Monday, October 25, 2010

2011 X-Alps Athlete selection announced

Tom Payne put this great table of the 2011 Athletes together:

Country Flag Athlete Age Supporter Glider Blog/website 2003 2005 2007 2009
ARG Martin Romero 36 Diego E. Romero MacPara Magus XC
AUS Lloyd Pennicuik 45 Paul Underwood Axis Venus link 17 X
AUT1 Helmut Eichholzer 36 Wolfgang Ehgarter Ozone Delta link 4 X
AUT2 Christian Amon 41 Mario Schmaranzer Swing Stratus X X
AUT3 Mike Küng 42 Thomas Arzberger Paratech P8 Proto
BEL Thomas de Dorlodot 26 Gatien de Dorlodot Gradient Avax XC3 link X 10
BRA Richard Pethigal 42 tba. Swing Stratus
CAN Max Fanderl 46 Penny Powers tba. link X 13
CZE Jan Skrabálek 41 Karel Vrbensky tba. link 11 15
ESP Ramón Morillas 44 Juan Morillas Advance Proto link 7 9
FIN Jouni Makkonen 40 Toni Leskelä Gradient Avax XC 7
FRA1 Vincent Sprüngli 46 Jerome Maupoint Gin Boomerang X X
FRA2 Philippe Barnier 36 Hervé Garcia Niviuk Icepeak
FRA3 Clément Latour 28 Gil Thomas Skywalk Poison 3
GBR Steve Nash 48 Richard Bungay Nova
GER Michael Gebert 31 Florian Schellheimer Gradient Avax XC3 link 5 X 6
ITA Andy Frötscher 42 Martin Klotz Skywalk Poison 3 link X X 14 12
JPN1 Kaoru Ogisawa 51 Masaru Saso Gin Boomerang 5 13
JPN2 Masayuki Matsubara 40 Tetsuo Kogai tba. X
NED Ferdinand van Schelven 27 Anton Brous tba.
NOR Ivar Sandstå 44 Inge Haustveit Niviuk Peak 2
POL Pavel Faron 37 Piotr Goc Swing Stratus
POR Nuno Virgilio 31 Samuel Lopes Axis Mercury
ROM Toma Coconea 36 Daniel Pisica UP link X X 2 X
RSA Pierre Carter 44 James Braid Gradient XC3 X
RUS Evgeny Gryaznov 39 tba. tba. 5
SUI1 Christian Maurer 28 Thomas Theurillat Advance Omega link 1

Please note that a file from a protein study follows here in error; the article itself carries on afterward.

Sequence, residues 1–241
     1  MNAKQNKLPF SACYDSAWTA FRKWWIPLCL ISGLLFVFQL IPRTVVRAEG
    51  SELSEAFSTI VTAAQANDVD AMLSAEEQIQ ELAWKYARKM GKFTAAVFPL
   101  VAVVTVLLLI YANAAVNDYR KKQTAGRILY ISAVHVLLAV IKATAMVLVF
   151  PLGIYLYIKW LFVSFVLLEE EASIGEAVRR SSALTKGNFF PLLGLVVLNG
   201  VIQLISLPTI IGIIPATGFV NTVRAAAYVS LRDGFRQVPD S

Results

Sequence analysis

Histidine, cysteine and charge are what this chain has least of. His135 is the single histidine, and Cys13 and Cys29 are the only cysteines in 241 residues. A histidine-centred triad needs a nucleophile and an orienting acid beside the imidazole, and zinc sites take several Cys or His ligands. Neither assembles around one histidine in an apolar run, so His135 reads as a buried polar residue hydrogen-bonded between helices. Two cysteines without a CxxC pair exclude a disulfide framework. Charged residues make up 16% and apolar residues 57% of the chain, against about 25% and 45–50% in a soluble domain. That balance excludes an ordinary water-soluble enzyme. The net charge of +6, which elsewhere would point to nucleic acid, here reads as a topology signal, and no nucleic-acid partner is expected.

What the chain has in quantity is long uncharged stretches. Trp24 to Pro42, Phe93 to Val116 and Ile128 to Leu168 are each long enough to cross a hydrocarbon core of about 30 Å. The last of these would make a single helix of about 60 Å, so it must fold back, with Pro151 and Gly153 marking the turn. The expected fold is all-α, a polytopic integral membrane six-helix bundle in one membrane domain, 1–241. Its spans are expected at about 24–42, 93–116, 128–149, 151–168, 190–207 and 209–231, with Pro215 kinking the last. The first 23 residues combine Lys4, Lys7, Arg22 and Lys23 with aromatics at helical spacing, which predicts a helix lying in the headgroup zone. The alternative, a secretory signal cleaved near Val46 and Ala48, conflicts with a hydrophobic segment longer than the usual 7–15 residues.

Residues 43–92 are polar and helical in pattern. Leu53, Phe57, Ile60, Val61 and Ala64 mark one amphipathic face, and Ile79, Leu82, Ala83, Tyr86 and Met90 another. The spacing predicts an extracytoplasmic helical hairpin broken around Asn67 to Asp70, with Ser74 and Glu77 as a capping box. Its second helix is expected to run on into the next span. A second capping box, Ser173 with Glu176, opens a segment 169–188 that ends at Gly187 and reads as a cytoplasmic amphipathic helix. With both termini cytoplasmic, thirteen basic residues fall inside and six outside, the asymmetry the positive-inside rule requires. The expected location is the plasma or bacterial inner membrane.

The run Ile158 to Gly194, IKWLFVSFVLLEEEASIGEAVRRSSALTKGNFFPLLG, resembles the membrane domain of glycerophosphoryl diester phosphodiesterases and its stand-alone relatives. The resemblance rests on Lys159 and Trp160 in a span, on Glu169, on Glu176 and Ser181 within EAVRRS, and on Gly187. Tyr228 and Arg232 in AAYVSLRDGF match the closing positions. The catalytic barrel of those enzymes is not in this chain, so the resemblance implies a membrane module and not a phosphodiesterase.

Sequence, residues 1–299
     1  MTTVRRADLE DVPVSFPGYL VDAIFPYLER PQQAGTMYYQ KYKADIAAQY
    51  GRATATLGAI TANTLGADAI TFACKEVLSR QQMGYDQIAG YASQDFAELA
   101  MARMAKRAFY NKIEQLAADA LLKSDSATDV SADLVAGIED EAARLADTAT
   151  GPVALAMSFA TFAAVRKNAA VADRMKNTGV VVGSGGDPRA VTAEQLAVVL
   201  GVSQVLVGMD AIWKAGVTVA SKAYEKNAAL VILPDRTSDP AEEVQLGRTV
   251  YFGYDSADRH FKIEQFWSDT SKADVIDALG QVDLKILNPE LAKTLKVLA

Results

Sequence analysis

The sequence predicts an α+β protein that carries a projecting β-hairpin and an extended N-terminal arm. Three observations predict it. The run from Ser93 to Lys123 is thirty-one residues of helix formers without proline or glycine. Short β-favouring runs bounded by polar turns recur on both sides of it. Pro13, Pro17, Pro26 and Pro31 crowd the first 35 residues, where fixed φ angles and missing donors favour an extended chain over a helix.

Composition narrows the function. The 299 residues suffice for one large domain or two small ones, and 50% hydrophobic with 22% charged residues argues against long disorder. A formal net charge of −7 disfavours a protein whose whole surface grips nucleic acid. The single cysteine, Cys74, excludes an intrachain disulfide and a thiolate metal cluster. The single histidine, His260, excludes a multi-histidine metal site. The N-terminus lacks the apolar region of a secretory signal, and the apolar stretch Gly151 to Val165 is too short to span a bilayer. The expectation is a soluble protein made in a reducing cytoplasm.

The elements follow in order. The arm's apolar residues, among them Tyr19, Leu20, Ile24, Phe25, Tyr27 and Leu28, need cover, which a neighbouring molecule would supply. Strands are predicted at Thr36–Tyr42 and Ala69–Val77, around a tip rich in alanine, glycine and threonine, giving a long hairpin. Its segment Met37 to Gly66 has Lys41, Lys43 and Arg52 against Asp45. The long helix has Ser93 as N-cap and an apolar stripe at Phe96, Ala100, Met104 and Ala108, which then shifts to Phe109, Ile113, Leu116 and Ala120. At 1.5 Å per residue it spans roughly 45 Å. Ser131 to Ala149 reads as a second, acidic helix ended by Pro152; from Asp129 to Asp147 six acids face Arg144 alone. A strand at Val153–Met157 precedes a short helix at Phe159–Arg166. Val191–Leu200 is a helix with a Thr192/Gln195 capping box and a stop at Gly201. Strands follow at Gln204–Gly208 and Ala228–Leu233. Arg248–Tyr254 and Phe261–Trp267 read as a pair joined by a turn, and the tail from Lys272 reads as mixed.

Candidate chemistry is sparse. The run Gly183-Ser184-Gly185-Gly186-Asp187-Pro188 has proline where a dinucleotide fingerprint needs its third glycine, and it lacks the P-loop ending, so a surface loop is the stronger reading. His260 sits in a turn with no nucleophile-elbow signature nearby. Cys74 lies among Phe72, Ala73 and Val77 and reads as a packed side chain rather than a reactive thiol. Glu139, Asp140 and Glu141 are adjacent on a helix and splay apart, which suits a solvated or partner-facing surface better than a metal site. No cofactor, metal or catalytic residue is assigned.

SUI2 Alex Hofer 34 Roland Moltinger tba. link 1 1 2
SUI3 Martin Müller 45 Yannick Flugi Gin Boomerang 7 light link 3 X
USA Honza Rejmanek 36 Dave Hanning Axis Mercury link


source: X-Alps website, Wikipedia, own research || Age at Race launch 17th. Jul 2011 || blogs tbc. || X means participated, but injured or disqualified/eliminated

Saturday, October 23, 2010

Flying Safe

Copyright ©2010 iStockphoto LP
I say this a lot. "Fly safe."* 

I think this a lot too.  You see, I've never considered having an accident as a reasonable possibility, as long as I "Fly Safe."

I began my flying life at 15, in sailplanes.  I was a skull-full-o-mush, as all 15ers are.  In order to afford my flying lessons, I became the 'airport kid' and worked around the airport - fueling airplanes, working the launch line, cleaning bathrooms etc; and I learned a lot watching the many pilots come and go.  Soon I was towing gliders with a Super-Cub and flying glider rides and intro-lessons.  All the while I was observing other pilots - noticing their different styles and techniques.

I developed an indelible image of the difference between a good pilot  and one who thought he was good.  The 'wanker' assumed he could overcome all variables - but never took the time to think them through.  The good pilots always considered the variables and made sure that the sum added up to a safe operation.  I'm convinced that this lesson saved my life - often - as I negotiated my early flying escapades while experiencing the insanity of puberty.  Applying this lesson has kept me alive during the ensuing 40 years and 25000+ hours.  I've made being a "safe" pilot priority one.  
National Air and Space Museum- Smithsonian Institution
Don't get me wrong - I did my share of stunts, over the early years, and I'm not dumb enough to list them here.  But I've always - even when doing things that I knew were on the fringe of stupid - considered the variables and made an effort to make the right call.  I've NOT done many stunts that just didn't pass my 'safe' test.